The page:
20 Nov 2018

Unlawful police detention of man reasonable, IPCA finds

1:29 pm on 20 November 2018

An incident in which police unlawfully detained a man during a mental health crisis highlights the difficulties facing officers, the police watchdog says.

Police generic

Photo: RNZ / Richard Tindiller

On 12 October 2017, just before midnight, mental health support helpline Lifeline contacted police concerned about a man who had attempted suicide but abruptly ended the call.

Police visited the man's home and when they found him distressed and agitated, he was taken to the Queenstown Police Station to be assessed by a mental health professional.

Invercargill mental health staff, who the Queenstown police were referred to, did not arrive until seven hours later. They assessed him and he was released from custody.

In a statement, police said the officers believed it was unsafe to leave the man alone.

The Independent Police Conduct Authority found the detention of the man to be unlawful but the actions of the police were reasonable in the circumstances.

It said the delay in treatment was beyond police control.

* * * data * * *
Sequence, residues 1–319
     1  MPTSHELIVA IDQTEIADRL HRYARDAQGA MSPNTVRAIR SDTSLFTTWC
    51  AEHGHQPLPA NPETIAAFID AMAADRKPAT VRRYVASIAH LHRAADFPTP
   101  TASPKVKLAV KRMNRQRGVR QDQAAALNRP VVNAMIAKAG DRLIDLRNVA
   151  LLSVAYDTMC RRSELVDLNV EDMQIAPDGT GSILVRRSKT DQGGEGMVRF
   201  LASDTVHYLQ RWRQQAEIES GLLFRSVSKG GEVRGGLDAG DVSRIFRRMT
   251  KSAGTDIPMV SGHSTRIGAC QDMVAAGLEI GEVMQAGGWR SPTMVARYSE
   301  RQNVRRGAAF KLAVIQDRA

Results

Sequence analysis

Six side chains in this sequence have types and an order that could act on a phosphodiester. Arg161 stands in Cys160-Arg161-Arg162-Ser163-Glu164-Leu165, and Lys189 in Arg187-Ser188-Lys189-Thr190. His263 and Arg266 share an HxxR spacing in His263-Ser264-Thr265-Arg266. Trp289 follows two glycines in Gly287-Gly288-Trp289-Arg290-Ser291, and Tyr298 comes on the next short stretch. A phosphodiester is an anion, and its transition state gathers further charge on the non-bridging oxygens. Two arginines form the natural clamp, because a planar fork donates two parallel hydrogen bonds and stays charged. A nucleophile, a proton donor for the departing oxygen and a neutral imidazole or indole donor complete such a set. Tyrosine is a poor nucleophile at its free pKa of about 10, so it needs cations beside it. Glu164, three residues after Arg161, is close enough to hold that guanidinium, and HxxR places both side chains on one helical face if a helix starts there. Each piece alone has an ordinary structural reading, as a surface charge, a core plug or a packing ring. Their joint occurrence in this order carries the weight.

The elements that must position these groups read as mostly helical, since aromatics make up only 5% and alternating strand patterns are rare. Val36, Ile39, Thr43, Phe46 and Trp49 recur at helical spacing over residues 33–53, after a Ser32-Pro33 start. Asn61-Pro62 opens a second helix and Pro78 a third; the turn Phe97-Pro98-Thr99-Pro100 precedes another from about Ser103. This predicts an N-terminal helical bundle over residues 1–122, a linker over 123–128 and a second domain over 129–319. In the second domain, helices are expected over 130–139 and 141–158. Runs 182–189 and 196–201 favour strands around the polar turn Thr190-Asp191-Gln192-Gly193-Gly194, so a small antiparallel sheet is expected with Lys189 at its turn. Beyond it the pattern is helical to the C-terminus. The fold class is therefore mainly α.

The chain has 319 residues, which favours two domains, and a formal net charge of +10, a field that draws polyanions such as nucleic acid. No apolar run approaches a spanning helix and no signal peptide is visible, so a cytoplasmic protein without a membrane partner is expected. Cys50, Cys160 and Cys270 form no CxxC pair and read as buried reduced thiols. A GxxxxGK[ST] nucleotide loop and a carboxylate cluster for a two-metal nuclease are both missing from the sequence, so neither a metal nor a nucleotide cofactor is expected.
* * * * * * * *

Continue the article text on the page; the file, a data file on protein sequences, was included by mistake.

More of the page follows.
"Incidents such as this are commonplace, and demonstrate the real difficulties confronted by Police when dealing with those experiencing a mental health crisis. Police often feel compelled to act unlawfully in order to protect the distressed individual and the wider public, and the Authority does not blame them for doing so," Authority chair Judge Colin Doherty, said.

"I support the actions of the officers involved, we have a duty of care to protect life and safety," Queenstown Lakes Area Commander Inspector Olaf Jensen said.

"Our officers were trying to protect this man and ensure his safety."

Similar situations occur every day in New Zealand and mental health is a complex issue, Assistant Commissioner Sandra Venables said.

"It is our purpose to keep people safe and our staff were doing exactly that.

"Police will continue to work closely with mental health crisis teams, and health facilities to provide the best possible response for those in distress."

The government is currently holding an inquiry into mental health.

Where to get help:

Need to Talk? Free call or text 1737 any time to speak to a trained counsellor, for any reason.

Lifeline: 0800 543 354

Suicide Crisis Helpline: 0508 828 865 / 0508 TAUTOKO (24/7). This is a service for people who may be thinking about suicide, or those who are concerned about family or friends.

Depression Helpline: 0800 111 757 (24/7)

Samaritans: 0800 726 666 (24/7)

Youthline: 0800 376 633 (24/7) or free text 234 (8am-12am), or email talk@youthline.co.nz

What's Up: online chat (7pm-10pm) or 0800 WHATSUP / 0800 9428 787 children's helpline (1pm-10pm weekdays, 3pm-10pm weekends)

Kidsline (ages 5-18): 0800 543 754 (24/7)

Rural Support Trust Helpline: 0800 787 254

Healthline: 0800 611 116

Rainbow Youth: (09) 376 4155

If it is an emergency and you feel like you or someone else is at risk, call 111.